Abstract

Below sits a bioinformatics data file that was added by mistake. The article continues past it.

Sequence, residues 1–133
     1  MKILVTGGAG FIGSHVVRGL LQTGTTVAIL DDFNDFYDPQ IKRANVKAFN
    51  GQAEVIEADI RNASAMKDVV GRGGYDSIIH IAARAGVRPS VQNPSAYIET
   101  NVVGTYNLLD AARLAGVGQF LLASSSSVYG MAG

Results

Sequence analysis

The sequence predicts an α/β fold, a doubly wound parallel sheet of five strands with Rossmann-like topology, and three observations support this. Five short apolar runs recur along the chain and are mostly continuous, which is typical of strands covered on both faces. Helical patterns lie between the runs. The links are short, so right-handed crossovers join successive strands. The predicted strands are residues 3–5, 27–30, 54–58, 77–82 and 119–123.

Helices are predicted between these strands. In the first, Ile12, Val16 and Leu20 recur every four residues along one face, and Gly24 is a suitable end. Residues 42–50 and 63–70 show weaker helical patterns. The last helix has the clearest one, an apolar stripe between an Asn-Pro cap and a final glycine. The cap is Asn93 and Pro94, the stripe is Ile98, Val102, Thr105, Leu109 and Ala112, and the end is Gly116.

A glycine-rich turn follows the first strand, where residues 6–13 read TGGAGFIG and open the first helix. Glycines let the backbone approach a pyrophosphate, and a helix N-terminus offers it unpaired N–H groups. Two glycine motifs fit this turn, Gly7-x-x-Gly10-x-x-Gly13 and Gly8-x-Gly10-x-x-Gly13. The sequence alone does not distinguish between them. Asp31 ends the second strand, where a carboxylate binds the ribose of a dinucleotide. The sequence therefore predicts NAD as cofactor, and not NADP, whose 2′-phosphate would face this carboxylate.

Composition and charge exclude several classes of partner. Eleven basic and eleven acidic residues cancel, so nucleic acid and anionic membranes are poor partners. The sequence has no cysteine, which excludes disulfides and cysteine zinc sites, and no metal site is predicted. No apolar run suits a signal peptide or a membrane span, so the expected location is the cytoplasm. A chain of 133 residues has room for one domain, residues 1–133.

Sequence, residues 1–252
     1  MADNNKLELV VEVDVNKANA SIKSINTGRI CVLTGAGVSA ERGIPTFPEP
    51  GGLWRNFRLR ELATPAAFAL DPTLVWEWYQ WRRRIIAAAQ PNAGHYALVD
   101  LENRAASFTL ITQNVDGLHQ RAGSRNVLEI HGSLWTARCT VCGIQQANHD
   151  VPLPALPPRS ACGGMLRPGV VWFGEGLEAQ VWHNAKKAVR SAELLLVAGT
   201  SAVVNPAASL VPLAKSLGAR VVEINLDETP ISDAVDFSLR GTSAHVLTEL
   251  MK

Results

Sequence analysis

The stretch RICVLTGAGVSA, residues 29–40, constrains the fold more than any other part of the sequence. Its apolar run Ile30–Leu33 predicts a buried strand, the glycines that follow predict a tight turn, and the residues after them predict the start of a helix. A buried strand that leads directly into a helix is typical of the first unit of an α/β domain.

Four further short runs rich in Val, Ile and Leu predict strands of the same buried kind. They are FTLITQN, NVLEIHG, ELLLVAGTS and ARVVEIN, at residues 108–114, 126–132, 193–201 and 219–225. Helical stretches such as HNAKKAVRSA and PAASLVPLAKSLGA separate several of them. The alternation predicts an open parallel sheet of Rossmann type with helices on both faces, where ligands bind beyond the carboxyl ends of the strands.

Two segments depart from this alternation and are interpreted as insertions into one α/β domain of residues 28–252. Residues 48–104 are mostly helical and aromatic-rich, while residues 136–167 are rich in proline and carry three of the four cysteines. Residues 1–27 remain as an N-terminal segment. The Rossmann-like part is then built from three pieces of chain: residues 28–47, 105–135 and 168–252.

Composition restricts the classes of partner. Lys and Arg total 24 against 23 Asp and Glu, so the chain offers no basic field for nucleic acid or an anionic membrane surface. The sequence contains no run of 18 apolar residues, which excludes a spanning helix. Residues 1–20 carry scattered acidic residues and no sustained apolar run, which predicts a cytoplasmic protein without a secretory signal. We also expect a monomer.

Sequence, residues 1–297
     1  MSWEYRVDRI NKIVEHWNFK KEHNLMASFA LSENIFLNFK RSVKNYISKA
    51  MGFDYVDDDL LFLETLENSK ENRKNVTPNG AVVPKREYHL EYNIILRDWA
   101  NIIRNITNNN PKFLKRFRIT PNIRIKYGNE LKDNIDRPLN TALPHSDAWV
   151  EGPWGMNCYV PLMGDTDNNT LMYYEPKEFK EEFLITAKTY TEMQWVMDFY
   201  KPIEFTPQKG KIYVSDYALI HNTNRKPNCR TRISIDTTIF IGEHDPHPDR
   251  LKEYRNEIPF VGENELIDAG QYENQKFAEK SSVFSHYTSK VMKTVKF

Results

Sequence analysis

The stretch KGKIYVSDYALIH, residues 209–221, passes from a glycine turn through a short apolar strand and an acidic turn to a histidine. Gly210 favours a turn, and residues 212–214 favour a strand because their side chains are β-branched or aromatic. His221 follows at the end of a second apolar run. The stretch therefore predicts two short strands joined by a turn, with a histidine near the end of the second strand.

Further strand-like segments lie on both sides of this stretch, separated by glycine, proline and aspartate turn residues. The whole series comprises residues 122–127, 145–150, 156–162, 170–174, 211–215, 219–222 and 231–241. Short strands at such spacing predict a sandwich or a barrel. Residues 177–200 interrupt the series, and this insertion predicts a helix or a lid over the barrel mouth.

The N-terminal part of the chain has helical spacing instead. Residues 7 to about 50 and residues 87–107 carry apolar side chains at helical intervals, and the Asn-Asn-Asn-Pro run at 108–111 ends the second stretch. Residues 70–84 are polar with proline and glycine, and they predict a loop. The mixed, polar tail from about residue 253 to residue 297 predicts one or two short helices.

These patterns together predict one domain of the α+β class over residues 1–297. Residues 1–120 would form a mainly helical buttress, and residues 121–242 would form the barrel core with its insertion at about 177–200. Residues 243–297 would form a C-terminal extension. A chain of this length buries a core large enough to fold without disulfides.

Current dynamic optimization models predict that animals should respond to cache pilferage by decreasing the probability of caching food and by increasing internal fat storage to compensate for a reduction in cache size. We tested these predictions under laboratory conditions with variable food access (four 15-min intervals/day). Carolina chickadees (Poecile carolinensis) were subjected to two environments: under pilferage conditions, one-quarter of their cached seeds were stolen every 0.5 h, and under no-pilferage conditions, seeds were left in place. Half the birds started with pilferage conditions and were then switched to the no-pilferage condition; the other half started with no pilferage and were then switched to pilferage conditions. The experiment was conducted over the course of a year to test for seasonal variation in the response to seed pilferage. The birds responded to seed pilferage by taking more seeds from a feeder, suggesting that they monitored cache availability. Alternatively, the birds may have taken additional seeds from the feeder in response to increased hunger caused by a loss of cached food. Contrary to our prediction, birds cached a higher percentage of seeds from the feeder when cached seeds were pilfered than when caches were left in place. Treatment order also affected caching behavior for all but the summer birds: chickadees initially subjected to pilferage stored a higher proportion of seeds than those initially subjected to no pilferage. Caching percentages in the summer were unaffected by cache pilferage. Caching rates (number cached/day) also followed the same trends: rates were higher when seeds were pilfered than when seeds were not pilfered, and there was a treatment-order effect for all but the summer birds. Variation in body mass also failed to match predicted trends. All birds exhibited a monotonic increase in mass as the experiments proceeded, irrespective of treatment order. Controlling for this monotonic increase in mass, an analysis of residual variation in body mass indicated that birds gained less weight when seeds were pilfered than when seeds were left in place. Finally, birds tested in the fall and spring were heavier than those tested in the summer. These results fail to support the relationship between cache maintenance and body mass regulation predicted by current models of energy regulation. We discuss the applicability of three hypotheses for the observed trends.